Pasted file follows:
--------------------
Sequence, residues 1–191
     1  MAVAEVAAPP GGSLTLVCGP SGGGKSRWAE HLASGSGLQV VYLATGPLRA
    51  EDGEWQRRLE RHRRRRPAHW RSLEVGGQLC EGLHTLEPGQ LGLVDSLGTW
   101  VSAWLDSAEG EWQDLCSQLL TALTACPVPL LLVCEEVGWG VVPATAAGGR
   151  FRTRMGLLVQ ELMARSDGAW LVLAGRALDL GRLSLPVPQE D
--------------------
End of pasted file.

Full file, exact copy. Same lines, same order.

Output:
Sequence, residues 1–191
     1  MAVAEVAAPP GGSLTLVCGP SGGGKSRWAE HLASGSGLQV VYLATGPLRA
    51  EDGEWQRRLE RHRRRRPAHW RSLEVGGQLC EGLHTLEPGQ LGLVDSLGTW
   101  VSAWLDSAEG EWQDLCSQLL TALTACPVPL LLVCEEVGWG VVPATAAGGR
   151  FRTRMGLLVQ ELMARSDGAW LVLAGRALDL GRLSLPVPQE D